Following overnight incubation, the CA and BA plates were examined for characteristic growth of pneumococcus, H. influenzae, meningococcus and other pathogens. Suspected pneumococcal colonies were confirmed and serotyped as previously described [23]. All suspected meningococcus or H. influenzae underwent biochemical confirmation using analytical profile index kits (API NH; Biomerieux, UK). Meningococcal serogroups were assessed by use of the Directigen™ meningitis combo kit (Oxoid Basingstoke, UK) following manufacturer’s instructions. Pneumococcal isolates underwent antibiotic susceptibility testing by the disc and E-test diffusion methods for commonly prescribed antibiotics in the sub-region following CSLI guidelines [24]. Antibiotic activity in the CSF specimens was assessed by the disc diffusion antibiotic bioassay following the method described previously by Driscoll et al., (2012) [25]. All antibiotics were procured from Oxoid (Basingstoke, UK) and E-test strips from Biomerieux, UK.

The MRC Unit The Gambia, molecular microbiology laboratory submits to the external quality assurance programme of the UK National External Quality Assessment Service (http://www.ukneqas.org.uk) and is a World Health Organization (WHO) Regional Reference Laboratory for invasive bacterial pathogens.

Real time PCR detection and serotyping of pathogens

An aliquot of the CSF specimens was shipped to the WHO RRL hosted at MRCG in dry ice (−80 °C). Species-specific quantitative PCR (qPCR) assays for detection of pneumococcus, meningococcus and H. influenzae were conducted using the autolysin gene (lytA), the CU, Zn superoxide dismutase gene (sodC) and the protein D encoding gene (hpd) respectively as previously described [2628]. RNaseP gene assay was performed on all CSF specimens to confirm samples of human origin and the integrity of the CSF specimens. Positivity for each of the targets was deduced using cycle threshold (CT) values. CTs of ≤36 were considered as positive.

Serogroup and serotype specific qPCR assays

Meningococcal serogrouping and H. influenzae serotyping were performed by direct qPCR as previously described [27]. Targets for the mentioned pathogens included sacB, synD, synE, synG, xcbB, synF genes for serogroups A, B, C, W, X, Y respectively. For H. influenzae, the following serotypes were screened: acB (Hia), bcsB (Hib), ccsD (Hic), dscE (Hid), ecsH (Hie) and bexD (Hif).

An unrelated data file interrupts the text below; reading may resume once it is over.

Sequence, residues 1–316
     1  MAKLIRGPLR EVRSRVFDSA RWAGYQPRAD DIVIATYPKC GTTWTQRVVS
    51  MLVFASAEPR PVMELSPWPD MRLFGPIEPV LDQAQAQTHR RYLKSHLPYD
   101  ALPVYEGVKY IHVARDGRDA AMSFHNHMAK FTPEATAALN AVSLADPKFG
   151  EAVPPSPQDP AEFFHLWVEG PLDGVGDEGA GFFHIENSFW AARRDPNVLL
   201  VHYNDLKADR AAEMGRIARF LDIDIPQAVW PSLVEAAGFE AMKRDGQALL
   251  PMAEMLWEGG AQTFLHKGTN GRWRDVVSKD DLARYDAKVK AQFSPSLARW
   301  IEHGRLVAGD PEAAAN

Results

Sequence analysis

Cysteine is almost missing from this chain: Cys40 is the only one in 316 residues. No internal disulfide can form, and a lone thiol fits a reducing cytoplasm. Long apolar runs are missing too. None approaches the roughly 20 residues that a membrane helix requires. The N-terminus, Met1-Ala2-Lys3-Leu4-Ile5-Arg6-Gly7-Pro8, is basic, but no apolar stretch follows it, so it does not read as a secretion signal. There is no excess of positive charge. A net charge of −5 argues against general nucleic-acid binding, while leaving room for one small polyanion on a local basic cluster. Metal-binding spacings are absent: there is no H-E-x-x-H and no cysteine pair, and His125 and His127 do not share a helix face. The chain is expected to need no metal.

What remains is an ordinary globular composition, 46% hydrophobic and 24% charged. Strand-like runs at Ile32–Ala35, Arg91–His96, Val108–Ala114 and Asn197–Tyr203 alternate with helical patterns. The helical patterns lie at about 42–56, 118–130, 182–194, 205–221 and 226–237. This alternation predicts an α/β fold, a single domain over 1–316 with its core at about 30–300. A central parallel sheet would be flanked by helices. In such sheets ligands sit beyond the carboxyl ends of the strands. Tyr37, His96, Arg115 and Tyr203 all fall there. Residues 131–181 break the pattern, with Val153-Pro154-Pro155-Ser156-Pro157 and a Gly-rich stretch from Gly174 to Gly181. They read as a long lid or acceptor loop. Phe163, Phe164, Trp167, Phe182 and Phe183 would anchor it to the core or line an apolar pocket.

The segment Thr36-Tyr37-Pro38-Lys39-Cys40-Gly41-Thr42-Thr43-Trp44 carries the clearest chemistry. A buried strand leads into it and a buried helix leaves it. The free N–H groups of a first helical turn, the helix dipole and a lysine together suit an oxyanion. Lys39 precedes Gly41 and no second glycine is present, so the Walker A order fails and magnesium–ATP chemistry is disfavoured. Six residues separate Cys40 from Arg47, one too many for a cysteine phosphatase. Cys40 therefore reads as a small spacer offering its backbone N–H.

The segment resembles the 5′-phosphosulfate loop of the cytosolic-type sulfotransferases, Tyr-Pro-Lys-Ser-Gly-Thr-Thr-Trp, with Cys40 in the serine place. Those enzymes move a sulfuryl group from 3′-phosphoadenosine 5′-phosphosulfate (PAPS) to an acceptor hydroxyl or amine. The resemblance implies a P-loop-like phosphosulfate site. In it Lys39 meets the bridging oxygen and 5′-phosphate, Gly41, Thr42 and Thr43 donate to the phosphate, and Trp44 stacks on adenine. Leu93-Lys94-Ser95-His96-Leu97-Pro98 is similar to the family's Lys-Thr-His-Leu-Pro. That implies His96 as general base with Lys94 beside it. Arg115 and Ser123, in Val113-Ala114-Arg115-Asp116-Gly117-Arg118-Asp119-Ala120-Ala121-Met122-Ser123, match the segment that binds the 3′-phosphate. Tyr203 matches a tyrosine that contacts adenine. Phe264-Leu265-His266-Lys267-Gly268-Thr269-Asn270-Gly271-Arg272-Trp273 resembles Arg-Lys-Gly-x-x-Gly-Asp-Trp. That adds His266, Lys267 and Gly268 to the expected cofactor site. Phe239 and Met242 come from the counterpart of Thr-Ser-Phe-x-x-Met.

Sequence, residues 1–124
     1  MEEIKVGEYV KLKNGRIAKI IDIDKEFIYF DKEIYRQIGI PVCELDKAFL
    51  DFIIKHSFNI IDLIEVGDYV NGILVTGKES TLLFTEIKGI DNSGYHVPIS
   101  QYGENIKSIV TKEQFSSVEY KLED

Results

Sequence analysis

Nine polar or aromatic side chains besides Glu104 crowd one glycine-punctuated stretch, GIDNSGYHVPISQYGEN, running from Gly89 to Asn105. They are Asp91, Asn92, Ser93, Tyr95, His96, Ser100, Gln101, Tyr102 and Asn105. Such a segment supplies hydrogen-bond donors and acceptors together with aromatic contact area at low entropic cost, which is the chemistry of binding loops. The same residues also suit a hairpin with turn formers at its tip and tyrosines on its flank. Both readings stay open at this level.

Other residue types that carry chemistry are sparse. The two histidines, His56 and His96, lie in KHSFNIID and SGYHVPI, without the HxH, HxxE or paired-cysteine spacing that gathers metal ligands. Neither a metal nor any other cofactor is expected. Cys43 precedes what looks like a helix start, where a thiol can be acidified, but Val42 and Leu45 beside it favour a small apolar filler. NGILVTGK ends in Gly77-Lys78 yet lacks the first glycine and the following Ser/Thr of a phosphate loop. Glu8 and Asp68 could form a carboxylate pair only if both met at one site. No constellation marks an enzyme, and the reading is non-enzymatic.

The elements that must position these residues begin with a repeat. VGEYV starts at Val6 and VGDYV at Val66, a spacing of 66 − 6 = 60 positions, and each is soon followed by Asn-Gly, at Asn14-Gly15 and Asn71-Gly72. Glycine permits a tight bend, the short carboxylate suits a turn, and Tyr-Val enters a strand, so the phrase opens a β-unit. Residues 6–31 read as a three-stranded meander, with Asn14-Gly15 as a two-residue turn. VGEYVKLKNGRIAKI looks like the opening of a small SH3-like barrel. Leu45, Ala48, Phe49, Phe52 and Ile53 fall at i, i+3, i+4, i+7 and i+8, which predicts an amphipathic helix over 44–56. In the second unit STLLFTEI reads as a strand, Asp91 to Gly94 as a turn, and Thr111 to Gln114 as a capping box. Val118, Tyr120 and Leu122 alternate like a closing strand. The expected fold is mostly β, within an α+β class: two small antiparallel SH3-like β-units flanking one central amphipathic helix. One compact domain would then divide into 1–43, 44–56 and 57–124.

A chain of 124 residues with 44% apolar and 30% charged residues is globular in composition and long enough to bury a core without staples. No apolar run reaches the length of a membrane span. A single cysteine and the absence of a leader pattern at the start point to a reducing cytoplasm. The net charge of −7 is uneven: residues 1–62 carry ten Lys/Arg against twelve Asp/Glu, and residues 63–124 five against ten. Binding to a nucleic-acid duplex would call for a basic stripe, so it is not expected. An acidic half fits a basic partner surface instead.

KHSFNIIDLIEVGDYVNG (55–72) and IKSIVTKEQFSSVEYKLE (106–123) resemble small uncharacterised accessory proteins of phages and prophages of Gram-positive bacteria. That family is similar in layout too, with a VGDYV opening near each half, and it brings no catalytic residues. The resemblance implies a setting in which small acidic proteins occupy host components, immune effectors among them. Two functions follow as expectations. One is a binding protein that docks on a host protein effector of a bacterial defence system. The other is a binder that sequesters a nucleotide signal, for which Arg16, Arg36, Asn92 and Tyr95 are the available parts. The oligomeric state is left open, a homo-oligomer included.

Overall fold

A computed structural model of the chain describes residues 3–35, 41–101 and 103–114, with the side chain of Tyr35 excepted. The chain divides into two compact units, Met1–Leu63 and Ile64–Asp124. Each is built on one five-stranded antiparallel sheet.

Streptococcus pneumoniae serotyping

In preparation for nucleic acid extraction for pneumococcal serotyping, 200 μL of CSF was added to 50 μL of TE buffer containing 0.08 g/mL of lysozyme (Sigma-L-6876) and 150U/mL of mutanolysin (Sigma M-9901), and mixture was incubated for one hour at 37 °C. The remaining extraction procedures followed Qiagen DNA Mini kit (Qiagen, UK) manufacturer’s instructions.

Purified DNA extracts were subjected to sequential triplex qPCR assay for detecting 21 pneumococcal capsular serotypes for the African scheme as previously described [29]. CSF specimens with CT values ≤32 were further subjected to conventional multiplex PCRs also described elsewhere [30, 31].

Whole-genome sequencing

Whole-genome sequencing was performed on nine purified pneumococcal isolates cultured from CSF specimens. All the isolates could not be sequenced due to cost considerations. Sequencing was performed on the illumina Miseq platform following a NexteraX library preparation step. Genomic data was analysed using the nullarbor pipeline (https://github.com/tseemann/nullarbor), which confirmed the species of the isolates, inferred MLST types, reported the presence of resistance genes and extracted a core genome. Draft genome assemblies for the nine outbreak strains were generated using spades (kmers: 21, 33, 55, 77, 99 and 127). To illustrate the phylogenetic relationship of the outbreak ST303 isolates, we included nine archived ST303 draft pneumococcal genome assemblies [32]. The assembled ST303 genomes from the pneumococcal outbreak strains and the draft genomes were compared against the P1031 pneumococcal reference genome; a pneumococcal historical isolate from Ghana [33]. Contigs were mapped against the reference and SNVs were called from the core genome using parsnp [34]. The pneumococcal genome sequences are available on the European Bioinformatics Institute (EBI) database under study accession PRJEB15437 at http://www.ebi.ac.uk/ena/data/view/PRJEB15437.